Antill Golf Club Asociates, the latest book from Lynette Styles, sports a meek and mild title compared to some of her earlier efforts.
They had titles such as Kangaroo Court and Deep Freeze in Wollondilly, and contained hard hitting content about Ms Styles during her time as councillor and for some years after that.
However, Associates may sound like a pleasant stroll through a slice of golf history, but it’s so much more than that.
Ms Styles integrates the story of women – associates, as they were known – involved in golf in the Wollondilly area for more than 100 years, with council’s forced acquisition of the land occupied by the Antill golf course, including the heritage listed homestead.
The result is a terrific yarn about women golf pioneers and a very bright spotlight on a council decision that’s still shrouded in secrecy 50 years later.
“I was always interested in the history of Jarvisfield from the time I was on council,’’ says the author when we sit down to discuss the book earlier this week.
“When I went there a couple of times and did some research on the players at the time I thought, there must be a story to the house,’’ says Ms Styles.
“And that’s what motivated me to do something about why Wollondilly Shire Council wanted to acquire the house, why they didn’t just keep renting it, why did they want it for themselves.
“That’s what spurred me on to starting the book, but then other things came into play, and I broadened it to include those other things and didn’t stop until it was finished.’’
Marie Reeves, a direct Antill descendant, who has been trying for more than 20 years to find out what really happened when Wollondilly Council compulsorily acquired the Jarvisfield property in 1974, wrote the foreward to Antill Golf Club Asociates.
Ms Reeves has even offered to buy the homestead and the six acre parcel around it because she is concerned council is not doing enough work to maintain the historic home being used currently as a clubhouse for Antill golf course.
Council won’t entertain the proposal, and Lynette Styles says there’s two reasons for that.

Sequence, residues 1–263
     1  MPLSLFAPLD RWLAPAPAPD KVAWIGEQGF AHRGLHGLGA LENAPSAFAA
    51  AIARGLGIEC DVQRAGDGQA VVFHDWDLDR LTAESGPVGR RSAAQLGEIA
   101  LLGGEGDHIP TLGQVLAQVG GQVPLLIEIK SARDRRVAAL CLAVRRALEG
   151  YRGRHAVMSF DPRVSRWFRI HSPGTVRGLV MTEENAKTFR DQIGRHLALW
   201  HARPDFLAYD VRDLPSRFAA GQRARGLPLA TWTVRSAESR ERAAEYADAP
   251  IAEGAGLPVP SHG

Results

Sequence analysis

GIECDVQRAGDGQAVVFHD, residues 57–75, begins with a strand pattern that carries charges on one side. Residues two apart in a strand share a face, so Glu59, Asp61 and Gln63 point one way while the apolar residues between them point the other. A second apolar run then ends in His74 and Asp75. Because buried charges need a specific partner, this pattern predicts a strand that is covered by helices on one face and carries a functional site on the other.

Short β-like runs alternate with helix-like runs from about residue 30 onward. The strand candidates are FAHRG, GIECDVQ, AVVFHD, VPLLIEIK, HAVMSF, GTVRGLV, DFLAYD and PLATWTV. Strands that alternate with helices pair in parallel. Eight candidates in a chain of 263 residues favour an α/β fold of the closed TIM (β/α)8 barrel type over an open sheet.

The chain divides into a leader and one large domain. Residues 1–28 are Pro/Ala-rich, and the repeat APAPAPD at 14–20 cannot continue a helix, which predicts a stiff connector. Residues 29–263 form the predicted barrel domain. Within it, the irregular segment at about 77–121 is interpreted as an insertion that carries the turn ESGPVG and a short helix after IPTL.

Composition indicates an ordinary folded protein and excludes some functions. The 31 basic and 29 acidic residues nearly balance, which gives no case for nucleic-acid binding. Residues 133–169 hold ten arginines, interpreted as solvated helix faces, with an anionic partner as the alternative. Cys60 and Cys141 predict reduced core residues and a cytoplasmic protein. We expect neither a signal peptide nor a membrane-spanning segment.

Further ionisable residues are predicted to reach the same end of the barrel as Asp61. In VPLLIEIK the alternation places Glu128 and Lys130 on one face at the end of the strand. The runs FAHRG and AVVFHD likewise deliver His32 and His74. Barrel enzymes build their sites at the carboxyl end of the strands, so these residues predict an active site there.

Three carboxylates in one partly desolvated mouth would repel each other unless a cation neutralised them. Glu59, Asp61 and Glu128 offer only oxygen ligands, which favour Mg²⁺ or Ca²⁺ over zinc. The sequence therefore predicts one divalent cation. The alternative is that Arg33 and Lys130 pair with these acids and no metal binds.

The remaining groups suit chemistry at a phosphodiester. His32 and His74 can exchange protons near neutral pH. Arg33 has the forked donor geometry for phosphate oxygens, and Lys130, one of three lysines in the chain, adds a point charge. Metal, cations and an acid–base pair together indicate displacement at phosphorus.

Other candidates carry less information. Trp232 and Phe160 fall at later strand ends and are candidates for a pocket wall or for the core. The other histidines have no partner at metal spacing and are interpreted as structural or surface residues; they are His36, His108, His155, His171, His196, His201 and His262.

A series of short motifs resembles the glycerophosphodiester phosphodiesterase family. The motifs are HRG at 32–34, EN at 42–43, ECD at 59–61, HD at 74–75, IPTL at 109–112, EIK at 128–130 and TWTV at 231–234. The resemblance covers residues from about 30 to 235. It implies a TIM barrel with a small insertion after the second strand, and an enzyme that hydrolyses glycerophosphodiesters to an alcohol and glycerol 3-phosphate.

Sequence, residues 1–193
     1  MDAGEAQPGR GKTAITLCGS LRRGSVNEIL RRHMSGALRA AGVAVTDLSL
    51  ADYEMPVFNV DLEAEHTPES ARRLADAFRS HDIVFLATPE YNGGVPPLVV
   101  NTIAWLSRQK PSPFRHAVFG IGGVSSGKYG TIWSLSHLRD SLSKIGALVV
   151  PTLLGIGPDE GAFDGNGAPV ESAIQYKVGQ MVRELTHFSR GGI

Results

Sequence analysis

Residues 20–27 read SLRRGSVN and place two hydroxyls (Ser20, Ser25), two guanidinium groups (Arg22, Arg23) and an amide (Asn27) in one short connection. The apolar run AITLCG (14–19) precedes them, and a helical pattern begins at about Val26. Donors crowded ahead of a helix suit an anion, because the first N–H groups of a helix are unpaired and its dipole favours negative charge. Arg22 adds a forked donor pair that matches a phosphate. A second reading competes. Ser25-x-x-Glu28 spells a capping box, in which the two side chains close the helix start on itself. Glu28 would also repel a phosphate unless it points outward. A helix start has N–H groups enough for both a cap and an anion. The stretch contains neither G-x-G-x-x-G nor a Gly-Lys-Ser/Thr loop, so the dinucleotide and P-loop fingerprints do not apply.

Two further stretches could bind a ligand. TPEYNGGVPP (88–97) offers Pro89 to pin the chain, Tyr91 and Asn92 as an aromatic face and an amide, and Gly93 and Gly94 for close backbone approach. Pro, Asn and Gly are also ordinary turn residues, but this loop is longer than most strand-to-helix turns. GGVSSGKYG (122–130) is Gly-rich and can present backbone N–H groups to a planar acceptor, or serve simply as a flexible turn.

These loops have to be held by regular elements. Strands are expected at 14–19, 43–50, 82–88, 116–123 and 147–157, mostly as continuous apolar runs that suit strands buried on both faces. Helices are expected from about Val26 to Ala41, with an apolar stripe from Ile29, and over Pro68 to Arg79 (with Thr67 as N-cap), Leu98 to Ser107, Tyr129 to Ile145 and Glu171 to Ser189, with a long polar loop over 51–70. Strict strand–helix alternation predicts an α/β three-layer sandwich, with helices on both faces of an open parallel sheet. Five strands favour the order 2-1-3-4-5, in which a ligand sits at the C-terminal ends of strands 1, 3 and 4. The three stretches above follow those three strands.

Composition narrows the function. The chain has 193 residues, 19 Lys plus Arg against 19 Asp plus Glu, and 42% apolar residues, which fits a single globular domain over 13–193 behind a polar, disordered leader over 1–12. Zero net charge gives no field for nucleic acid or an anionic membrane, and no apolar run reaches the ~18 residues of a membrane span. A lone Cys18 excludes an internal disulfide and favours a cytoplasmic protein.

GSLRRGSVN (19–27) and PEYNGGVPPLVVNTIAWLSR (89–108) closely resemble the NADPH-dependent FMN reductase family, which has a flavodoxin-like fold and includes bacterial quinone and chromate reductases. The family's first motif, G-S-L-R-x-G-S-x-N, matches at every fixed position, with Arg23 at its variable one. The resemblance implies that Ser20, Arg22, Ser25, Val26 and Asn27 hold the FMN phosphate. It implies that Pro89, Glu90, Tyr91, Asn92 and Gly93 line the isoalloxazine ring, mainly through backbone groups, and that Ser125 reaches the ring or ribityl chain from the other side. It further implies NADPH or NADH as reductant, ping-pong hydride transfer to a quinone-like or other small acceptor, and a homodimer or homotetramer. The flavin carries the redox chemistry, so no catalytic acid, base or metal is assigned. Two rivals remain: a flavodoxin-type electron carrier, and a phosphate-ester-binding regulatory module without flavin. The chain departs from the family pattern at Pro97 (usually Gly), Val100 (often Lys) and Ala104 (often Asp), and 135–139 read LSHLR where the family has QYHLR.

“One, because of greed, and secondly because it would be an admission they acted wrongly,’’ she says.
Antill Golf Club Asociates ends with a question mark because we still don’t really know why council acquired the Jarvisfield estate all those years ago even though it did not really need to do so.
Last year the South West Voice reported that a few years ago council had considered selling the land for housing and relocating the golf course to Wilton.
There were also suggestions it had been talking to developers.
Council deny all this.
“The Antill golf club’s lease expires February next year, so there’s more to this story than the community knows about,’’ says Ms Styles.
“But council won’t tell us what they’re going to do with the land – continue the lease for another 50 years or sell the land for housing; they own it, they can do what they like, but the question remains what will happen to this land, which is public property.
“In my view, council’s got to bite the bullet and do the right thing – otherwise they are as bad as the ones who were around when the land was taken off the Antill family.
“They’ve got to do something to recompense the family for what they did.
“A happy ending would be council making reparations for what they did in 1974 when they resumed the land for $100,000 – this is 92 acres and a colonial homestead built in 1865, so the value is immeasurable.’’
Antill Golf Club Asociates will be launched at Wollondilly Library on June 2.
For anyone who would like to get a copy in the meantime, the book is stocked in IGA at both Picton and Bargo. Alternatively, email the author at email@example.com to organise a copy to be sent to you.